President Medvedev’s appointment of ex-press minister and former lawyer, Mikhail Fedotov, as the new head of the Kremlin’s human rights council has apparently produced mixed feelings in human rights circles. The prior occupant of the post, the body’s founder, Ella Pamfilova, resigned in July reportedly following ongoing battles with United Russia and pro-Kremlin forces (an occupational hazard for any Russian rights worker, some might argue).
The nomination of Fedotov, as opposed to the committee’s apparently preferred candidate, business lobbyist and economics professor Alexander Auzan, has been greeted with surprise in some quarters.
RFE/RL has some of the rights community’s reactions:
Another council member, Valentin Gefter of the Institute of Human Rights, told RFE/RL’s Russian Service he agreed that Fedotov is a consensus-builder.
“He may seem to have been suspiciously close to the government in his previous position,” Gefter said, “but on the other hand he may be able to avoid mistakes that people like I would probably make if I were to have been made director, something that was discussed.”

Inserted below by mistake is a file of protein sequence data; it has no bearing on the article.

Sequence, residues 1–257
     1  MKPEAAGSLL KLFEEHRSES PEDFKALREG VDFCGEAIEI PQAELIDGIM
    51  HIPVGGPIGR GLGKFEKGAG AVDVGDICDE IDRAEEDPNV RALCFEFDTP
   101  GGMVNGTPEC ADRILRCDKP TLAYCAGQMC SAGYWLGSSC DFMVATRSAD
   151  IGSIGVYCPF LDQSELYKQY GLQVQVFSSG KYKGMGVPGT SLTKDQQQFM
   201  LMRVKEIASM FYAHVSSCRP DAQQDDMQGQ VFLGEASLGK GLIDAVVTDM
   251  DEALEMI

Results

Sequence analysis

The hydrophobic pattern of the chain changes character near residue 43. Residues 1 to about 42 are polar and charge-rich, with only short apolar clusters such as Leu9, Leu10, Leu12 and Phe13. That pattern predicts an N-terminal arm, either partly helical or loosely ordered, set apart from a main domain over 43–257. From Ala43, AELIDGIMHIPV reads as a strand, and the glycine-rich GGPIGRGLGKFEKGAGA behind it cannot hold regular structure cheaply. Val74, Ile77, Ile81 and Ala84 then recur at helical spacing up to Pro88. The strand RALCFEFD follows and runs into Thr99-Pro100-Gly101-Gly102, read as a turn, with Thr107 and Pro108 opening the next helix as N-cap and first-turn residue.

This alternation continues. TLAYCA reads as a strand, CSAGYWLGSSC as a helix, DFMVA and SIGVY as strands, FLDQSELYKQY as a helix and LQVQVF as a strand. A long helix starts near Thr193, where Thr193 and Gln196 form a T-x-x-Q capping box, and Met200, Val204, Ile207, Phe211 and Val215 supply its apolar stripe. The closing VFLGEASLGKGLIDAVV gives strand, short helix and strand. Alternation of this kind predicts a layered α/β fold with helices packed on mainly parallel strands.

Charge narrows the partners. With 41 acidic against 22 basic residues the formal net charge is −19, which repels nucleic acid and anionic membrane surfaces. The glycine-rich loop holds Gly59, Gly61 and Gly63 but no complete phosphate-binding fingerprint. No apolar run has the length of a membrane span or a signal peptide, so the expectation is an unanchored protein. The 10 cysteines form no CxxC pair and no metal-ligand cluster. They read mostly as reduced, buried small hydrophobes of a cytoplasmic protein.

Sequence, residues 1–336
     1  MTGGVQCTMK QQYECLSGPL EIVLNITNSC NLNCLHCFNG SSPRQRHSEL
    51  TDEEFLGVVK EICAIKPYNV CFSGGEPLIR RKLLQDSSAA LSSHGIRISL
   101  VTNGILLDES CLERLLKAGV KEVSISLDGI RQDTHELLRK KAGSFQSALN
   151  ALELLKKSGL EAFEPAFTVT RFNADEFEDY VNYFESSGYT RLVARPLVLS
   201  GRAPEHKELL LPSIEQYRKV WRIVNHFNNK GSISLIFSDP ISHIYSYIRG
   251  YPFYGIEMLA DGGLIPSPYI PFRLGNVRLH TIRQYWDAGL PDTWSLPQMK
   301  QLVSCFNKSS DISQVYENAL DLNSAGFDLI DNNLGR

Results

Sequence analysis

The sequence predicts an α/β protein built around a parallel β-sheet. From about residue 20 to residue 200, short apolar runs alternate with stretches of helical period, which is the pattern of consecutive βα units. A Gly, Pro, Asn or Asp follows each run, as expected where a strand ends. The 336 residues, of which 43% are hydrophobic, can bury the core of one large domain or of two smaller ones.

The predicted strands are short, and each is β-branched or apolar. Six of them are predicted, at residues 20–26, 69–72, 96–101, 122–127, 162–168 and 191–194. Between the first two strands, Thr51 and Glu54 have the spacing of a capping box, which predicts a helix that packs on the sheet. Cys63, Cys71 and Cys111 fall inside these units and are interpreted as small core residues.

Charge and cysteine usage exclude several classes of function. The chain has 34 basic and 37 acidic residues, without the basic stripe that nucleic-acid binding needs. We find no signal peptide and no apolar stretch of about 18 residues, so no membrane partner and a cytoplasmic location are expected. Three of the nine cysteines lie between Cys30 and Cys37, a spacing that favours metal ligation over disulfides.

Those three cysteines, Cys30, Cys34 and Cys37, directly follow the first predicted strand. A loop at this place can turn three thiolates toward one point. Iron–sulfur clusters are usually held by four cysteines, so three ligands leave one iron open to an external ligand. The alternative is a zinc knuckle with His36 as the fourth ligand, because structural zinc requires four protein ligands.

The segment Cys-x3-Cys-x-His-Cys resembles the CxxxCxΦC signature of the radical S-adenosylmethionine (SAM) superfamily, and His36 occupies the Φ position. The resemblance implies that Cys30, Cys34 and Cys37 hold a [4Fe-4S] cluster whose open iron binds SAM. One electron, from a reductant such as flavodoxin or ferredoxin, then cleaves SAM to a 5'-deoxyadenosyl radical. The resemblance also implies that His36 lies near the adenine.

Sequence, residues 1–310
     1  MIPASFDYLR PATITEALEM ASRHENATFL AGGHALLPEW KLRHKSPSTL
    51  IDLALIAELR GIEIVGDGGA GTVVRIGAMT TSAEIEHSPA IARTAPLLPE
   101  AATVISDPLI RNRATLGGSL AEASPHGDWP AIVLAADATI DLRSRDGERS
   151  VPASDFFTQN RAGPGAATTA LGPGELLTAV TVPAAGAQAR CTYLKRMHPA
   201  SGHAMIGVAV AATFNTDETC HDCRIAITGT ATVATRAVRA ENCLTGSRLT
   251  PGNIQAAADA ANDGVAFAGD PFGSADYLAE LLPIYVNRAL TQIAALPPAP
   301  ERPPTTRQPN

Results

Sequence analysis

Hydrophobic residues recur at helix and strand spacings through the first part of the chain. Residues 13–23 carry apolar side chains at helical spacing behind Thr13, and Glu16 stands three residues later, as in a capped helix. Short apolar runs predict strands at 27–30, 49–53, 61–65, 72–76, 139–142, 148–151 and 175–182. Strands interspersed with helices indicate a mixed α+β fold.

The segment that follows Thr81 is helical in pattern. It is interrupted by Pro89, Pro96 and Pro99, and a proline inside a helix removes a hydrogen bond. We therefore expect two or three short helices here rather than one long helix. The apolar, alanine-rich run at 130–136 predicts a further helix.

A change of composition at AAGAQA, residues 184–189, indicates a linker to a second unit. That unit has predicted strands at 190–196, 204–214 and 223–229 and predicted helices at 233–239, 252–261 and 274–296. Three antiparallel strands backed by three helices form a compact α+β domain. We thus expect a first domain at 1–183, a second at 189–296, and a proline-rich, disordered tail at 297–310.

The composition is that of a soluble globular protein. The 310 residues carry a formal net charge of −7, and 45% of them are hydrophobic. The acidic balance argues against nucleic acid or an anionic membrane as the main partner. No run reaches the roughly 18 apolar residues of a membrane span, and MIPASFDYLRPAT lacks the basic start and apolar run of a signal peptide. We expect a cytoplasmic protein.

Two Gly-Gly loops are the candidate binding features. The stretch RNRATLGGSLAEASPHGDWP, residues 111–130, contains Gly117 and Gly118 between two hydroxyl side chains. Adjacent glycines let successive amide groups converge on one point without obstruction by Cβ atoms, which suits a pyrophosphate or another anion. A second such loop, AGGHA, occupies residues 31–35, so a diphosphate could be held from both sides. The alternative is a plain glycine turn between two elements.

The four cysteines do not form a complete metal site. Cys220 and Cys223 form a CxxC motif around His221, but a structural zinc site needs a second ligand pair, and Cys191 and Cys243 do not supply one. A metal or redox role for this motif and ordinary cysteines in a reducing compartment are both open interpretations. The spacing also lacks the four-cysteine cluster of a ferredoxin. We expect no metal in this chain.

But not everyone agrees. Another council member, Kirill Kabanov of the National Anticorruption Committee, told RFE/RL’s Russian Service the choice of Fedotov may be meant to make the committee more pliable.
“Fedotov isn’t just a rights activist, he’s also a former bureaucrat ofthe first order, with all the attributes,” Kabanov said. “I don’tunderstand whether his appointment is a promotion for the council orsomething else.”
Fedotov’s predecessor, Pamfilova, refused to give reasons for herresignation, but she had criticized aspects of Russia’s growingauthoritarianism, including the government’s failure to protect humanrights activists who became victims of harassment and murder.
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